ESSIE is unique in its ability to research and provide solutions for both natural and man-made hazards. The School’s renowned faculty are passionate about addressing coastal, environmental, infrastructure and community needs. They specialise in areas that support ESSIE’s major research themes including health and hazards engineering, transport systems, coastal ecosystem dynamics and sustainable materials management. This diversity of expertise provides the framework to train students to explore innovative engineering solutions, preparing them to become the 21st century engineer.
Leading by example, the School continues to provide research and solutions to impending and ongoing hazards. Our faculty are leading initiatives toward creating resilient coastal communities, building hazard-resistant infrastructure and much more.
The School’s diverse curriculum appeals to every student. ESSIE offers hands-on, unparalleled opportunities for research within its respective programs.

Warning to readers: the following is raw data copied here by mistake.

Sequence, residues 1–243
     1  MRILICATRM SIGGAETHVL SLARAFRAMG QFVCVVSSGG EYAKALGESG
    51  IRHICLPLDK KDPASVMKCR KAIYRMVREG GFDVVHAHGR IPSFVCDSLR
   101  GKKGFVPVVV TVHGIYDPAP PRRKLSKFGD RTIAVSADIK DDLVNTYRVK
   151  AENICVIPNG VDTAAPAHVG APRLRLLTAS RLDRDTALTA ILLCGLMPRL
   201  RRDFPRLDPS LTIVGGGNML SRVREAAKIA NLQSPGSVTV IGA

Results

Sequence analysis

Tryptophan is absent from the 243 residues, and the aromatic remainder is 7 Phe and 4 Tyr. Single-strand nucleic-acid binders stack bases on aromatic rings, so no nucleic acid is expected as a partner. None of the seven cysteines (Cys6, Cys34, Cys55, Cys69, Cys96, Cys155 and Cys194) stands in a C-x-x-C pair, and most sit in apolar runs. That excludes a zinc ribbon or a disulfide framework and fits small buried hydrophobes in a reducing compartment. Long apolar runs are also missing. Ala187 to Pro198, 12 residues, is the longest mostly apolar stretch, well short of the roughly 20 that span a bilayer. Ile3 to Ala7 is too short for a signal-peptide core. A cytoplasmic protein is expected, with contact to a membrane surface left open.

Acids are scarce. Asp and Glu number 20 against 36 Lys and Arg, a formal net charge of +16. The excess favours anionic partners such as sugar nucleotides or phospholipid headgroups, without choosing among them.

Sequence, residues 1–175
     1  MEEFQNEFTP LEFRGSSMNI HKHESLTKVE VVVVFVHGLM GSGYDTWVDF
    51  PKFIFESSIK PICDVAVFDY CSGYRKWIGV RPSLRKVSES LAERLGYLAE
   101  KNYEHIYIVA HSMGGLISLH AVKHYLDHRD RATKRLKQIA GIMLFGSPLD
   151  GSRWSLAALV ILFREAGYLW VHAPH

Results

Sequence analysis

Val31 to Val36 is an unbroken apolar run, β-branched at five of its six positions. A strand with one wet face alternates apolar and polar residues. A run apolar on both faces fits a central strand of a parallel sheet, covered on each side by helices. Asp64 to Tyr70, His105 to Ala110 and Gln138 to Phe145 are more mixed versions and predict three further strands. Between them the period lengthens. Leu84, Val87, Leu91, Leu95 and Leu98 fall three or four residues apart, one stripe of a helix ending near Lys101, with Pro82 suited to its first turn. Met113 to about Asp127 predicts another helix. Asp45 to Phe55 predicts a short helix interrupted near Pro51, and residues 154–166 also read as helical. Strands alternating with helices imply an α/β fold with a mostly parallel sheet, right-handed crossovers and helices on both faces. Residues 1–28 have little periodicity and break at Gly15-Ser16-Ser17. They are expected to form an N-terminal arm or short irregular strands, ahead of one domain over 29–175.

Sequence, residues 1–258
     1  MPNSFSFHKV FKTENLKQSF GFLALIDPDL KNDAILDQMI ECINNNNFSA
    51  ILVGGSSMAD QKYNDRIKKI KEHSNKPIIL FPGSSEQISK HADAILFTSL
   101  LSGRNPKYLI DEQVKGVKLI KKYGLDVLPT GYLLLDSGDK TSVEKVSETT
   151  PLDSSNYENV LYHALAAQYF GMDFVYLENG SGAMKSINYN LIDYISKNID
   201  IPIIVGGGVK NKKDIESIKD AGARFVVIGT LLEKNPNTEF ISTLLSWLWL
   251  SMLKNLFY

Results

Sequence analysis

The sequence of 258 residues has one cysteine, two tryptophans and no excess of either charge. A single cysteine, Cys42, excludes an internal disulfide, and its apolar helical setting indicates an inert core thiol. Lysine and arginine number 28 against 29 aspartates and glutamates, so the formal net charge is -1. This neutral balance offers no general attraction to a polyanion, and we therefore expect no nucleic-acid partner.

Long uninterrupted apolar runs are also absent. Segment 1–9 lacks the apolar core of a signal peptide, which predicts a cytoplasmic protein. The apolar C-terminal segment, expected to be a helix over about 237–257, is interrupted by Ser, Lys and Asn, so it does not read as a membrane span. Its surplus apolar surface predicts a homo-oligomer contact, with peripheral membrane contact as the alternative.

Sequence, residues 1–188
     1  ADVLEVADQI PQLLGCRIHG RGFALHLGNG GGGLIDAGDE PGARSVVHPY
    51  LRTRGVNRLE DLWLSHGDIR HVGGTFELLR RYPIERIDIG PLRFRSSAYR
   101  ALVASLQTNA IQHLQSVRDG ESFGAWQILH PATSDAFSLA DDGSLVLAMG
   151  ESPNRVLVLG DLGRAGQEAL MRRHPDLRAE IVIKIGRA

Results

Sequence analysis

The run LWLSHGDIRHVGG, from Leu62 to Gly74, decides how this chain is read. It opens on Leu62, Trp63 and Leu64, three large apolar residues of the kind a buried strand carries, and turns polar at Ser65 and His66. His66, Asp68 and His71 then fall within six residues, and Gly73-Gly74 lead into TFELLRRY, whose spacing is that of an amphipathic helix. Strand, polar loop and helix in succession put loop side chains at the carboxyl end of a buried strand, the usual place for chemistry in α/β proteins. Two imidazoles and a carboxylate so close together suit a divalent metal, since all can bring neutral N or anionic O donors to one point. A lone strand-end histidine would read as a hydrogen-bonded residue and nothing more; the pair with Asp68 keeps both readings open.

Both departments offer the Master of Science, Master of Engineering, and Doctorate degrees. For Civil and Coastal Engineering, students are able to specialise in a particular field of interest such as geosystems engineering, coastal ecosystem dynamics, sustainable construction engineering and more. The Department of Environmental Engineering Sciences includes specialisations in air resources, environmental nanotechnology, systems ecology & ecological engineering and water systems.
If you want to make a global impact on sustainability, click here to gather further information about the School.
At the Department of Earth and Environmental Engineering (EEE) at Columbia University, faculty members are focused on building a sustainable future for the planet through engineering and design.
Despite being small in size, the Department dedicates its resources to actively researching solutions to significant, detrimental issues that affect the planet.
Hence why EEE students are at the forefront of pioneering environmental research.
For instance, Columbia Engineering senior Amar Bhardwaj was recently selected to receive the highly prestigious Marshall Scholarship, which supports up to 50 top young scholars from the US to pursue graduate study at universities across the UK.
“My ultimate goal is to engineer solar fuels technologies that will be widely deployed,” says Amar.